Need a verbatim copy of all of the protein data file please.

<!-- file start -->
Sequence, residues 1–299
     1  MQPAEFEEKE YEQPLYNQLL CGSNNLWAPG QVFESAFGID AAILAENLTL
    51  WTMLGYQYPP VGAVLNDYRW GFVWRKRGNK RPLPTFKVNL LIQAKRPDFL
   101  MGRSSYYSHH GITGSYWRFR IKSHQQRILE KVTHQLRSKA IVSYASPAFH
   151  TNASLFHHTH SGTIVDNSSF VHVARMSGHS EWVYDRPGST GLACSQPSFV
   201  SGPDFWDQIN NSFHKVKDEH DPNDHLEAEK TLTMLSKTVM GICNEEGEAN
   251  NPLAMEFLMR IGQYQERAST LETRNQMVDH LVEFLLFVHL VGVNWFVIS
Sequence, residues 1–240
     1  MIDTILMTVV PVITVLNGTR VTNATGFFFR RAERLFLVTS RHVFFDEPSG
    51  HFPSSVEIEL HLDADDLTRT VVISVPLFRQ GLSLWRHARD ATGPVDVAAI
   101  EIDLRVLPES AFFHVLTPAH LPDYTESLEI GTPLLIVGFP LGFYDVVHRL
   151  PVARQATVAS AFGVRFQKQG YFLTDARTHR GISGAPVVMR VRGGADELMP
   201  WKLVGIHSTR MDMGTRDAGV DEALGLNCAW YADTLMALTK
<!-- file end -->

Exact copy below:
Sequence, residues 1–299
     1  MQPAEFEEKE YEQPLYNQLL CGSNNLWAPG QVFESAFGID AAILAENLTL
    51  WTMLGYQYPP VGAVLNDYRW GFVWRKRGNK RPLPTFKVNL LIQAKRPDFL
   101  MGRSSYYSHH GITGSYWRFR IKSHQQRILE KVTHQLRSKA IVSYASPAFH
   151  TNASLFHHTH SGTIVDNSSF VHVARMSGHS EWVYDRPGST GLACSQPSFV
   201  SGPDFWDQIN NSFHKVKDEH DPNDHLEAEK TLTMLSKTVM GICNEEGEAN
   251  NPLAMEFLMR IGQYQERAST LETRNQMVDH LVEFLLFVHL VGVNWFVIS
Sequence, residues 1–240
     1  MIDTILMTVV PVITVLNGTR VTNATGFFFR RAERLFLVTS RHVFFDEPSG
    51  HFPSSVEIEL HLDADDLTRT VVISVPLFRQ GLSLWRHARD ATGPVDVAAI
   101  EIDLRVLPES AFFHVLTPAH LPDYTESLEI GTPLLIVGFP LGFYDVVHRL
   151  PVARQATVAS AFGVRFQKQG YFLTDARTHR GISGAPVVMR VRGGADELMP
   201  WKLVGIHSTR MDMGTRDAGV DEALGLNCAW YADTLMALTK